The Sprint Demo (often part of the Sprint Review ceremony in Agile/Scrum methodology) is a critical step in completing a sprint, an opportunity to excite stakeholders, and a chance for developers to show off their work. For presenters, however, the demo can be a stressful exercise due to a lack of confidence, structure, or practice.
If you’re nervous about giving your first demo, haven’t enjoyed giving demos in the past, or you just want to get better at demoing, this post is for you!
Whenever you get into a situation where you are not sure which version of Drupal to use, or you expect to get challenged by a client, my recommendation is to use the approach of putting together th
Sorry Drupal 7, it’s not you, but it’s time to move on... (to Drupal 8).
In Lisbon, steep slopes and sweeping vistas towering over placid waters and crowded ports characterize the topography of one of the most beautiful cities in Europe.
This year, the Portuguese capital played host to Drupal Developer Days, possibly the most important event for developers specializing in Drupal. Held at the University Institute of Lisbon, it was a conference not to be missed, with innumerable insights from Drupal core contributors and maintainers.
With a uniquely diverse community of designers, developers, and everyone in between, Frontend United is one of the conferences I find I enjoy more and more each time I attend. And this time, in Utrecht, a wide range of designer- and developer-oriented content greeted attendees both within and well outside the Drupal universe.
As a Data Scientist at Acquia I get to build machine learning models to solve problems or speed up tasks that are time consuming for humans. This means I spend a lot of time getting data into a format that is usable by machine learning models, or even just putting it in a useful form for exploratory analysis.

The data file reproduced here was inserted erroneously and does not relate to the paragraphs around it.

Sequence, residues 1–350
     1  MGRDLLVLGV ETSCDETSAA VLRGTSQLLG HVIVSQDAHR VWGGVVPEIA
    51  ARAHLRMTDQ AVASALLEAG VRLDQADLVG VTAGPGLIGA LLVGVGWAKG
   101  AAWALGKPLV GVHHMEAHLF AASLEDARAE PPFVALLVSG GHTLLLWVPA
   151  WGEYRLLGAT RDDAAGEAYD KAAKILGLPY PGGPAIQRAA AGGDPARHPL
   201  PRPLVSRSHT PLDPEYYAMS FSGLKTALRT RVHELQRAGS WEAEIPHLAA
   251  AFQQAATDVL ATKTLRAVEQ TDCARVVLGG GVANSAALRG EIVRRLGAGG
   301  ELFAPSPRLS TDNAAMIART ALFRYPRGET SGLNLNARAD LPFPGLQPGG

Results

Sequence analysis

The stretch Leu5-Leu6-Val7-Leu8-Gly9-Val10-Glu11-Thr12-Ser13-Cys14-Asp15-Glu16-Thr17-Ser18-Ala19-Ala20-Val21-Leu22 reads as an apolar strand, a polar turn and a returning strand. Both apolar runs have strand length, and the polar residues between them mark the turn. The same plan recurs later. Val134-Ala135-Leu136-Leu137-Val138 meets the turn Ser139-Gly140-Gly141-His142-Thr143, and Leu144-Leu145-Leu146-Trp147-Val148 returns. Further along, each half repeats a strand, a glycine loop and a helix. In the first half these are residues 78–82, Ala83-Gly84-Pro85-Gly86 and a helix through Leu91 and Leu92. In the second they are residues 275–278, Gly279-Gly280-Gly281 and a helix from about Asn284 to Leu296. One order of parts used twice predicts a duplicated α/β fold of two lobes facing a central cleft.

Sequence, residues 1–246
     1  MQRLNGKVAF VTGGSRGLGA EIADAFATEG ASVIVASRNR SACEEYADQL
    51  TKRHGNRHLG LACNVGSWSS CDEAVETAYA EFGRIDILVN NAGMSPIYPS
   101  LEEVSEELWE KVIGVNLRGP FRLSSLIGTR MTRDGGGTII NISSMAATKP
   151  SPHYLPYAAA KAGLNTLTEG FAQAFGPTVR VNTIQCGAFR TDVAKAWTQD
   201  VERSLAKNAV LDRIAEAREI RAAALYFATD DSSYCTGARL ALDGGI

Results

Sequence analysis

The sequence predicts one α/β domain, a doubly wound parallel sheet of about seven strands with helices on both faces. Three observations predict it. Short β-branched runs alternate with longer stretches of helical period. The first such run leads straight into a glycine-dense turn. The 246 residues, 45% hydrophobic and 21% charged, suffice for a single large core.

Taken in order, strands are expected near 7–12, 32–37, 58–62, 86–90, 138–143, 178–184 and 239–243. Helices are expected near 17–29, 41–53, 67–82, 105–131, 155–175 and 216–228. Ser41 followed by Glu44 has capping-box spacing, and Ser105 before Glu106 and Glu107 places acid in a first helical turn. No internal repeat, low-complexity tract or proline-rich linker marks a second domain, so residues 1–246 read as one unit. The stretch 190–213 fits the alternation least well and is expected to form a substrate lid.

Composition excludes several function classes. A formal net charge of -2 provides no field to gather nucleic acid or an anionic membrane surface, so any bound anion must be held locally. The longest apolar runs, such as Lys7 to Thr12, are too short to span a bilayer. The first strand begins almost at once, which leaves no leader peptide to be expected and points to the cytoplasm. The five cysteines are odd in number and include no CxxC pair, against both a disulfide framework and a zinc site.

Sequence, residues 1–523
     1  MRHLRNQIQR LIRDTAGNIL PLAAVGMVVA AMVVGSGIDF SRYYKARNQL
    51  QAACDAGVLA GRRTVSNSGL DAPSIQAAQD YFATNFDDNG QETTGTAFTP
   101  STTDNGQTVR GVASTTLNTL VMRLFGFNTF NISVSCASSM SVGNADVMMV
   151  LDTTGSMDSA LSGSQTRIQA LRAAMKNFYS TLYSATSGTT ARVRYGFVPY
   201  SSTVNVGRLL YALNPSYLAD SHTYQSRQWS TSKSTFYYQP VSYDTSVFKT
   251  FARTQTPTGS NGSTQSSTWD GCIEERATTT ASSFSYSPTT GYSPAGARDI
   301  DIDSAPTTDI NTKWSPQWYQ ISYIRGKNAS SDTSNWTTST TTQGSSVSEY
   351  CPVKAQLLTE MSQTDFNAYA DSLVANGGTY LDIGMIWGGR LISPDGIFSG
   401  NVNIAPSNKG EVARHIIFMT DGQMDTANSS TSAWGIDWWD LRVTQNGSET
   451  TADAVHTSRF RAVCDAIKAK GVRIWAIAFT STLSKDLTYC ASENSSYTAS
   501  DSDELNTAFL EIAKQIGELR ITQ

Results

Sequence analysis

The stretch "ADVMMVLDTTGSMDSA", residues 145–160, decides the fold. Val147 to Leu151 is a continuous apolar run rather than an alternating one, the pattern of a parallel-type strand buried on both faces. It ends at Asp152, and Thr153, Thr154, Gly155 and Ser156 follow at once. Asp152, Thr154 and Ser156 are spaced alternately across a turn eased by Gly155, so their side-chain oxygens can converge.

One of the tools I use for handling large amounts of data and getting it into the required format is Apache Spark.
Atop the Castle of Saint Barbara in Alicante, time sometimes seems to slow down, and words that once held grand meaning seem inadequate. I had a similar feeling both during and on the heels of DrupalCamp Spain, organized by the Spanish Drupal Association and held this year at Las Cigarreras cultural center in a seaside city that is one of the crown jewels of not only the Valencian Community but also of Spain.
As we saw in the previous post, core REST only allows for individual entities to be retrieved, and Views REST exports only permit the issuance of GET requests rather than unsafe methods as well. But application developers often need greater flexibility and control, such as the ability to fetch collections, sort and paginate them, and access related entities that are referenced.
In this column, we'll inspect JSON API, part of the surrounding contributed web services ecosystem that Drupal 8 relies on to provide even more extensive features relevant to application developers that include relationships and complex operations such as sorting and pagination.
As we saw in a previous installment of Experience Express, because Drupal has a HAL-compliant REST API available out of the box with minimal configuration, you can easily provision an API that can immediately be employed to consume content entities and manipulate them from other applications. Now that we have successfully exposed content entities as REST resources, used Entity Access to govern permissions, and customized the formats and authentication mechanisms in use by the core REST API, it is now time to move into actually retrieving and manipulating that data.
As more businesses go global, and more people work remotely, global teamwork is crucial to achieve company goals and objectives. After working with Acquia’s Professional Services Operation, a truly global team, I'd like to share six personal lessons I've learned on how to facilitate collaboration with teams around the world.
Perhaps the most critical piece of any decoupled CMS architecture is the API layer which exposes data in the back end for consumption by other applications.
Every time I leave the Windy City, I feel something pulling me back. This time, it wasn't the gusts that whip around the skyscrapers towering over Lake Shore Drive.
At no point in the history of digital content has there ever been such a dizzying proliferation of devices in our lives, and experiences we encounter and consume.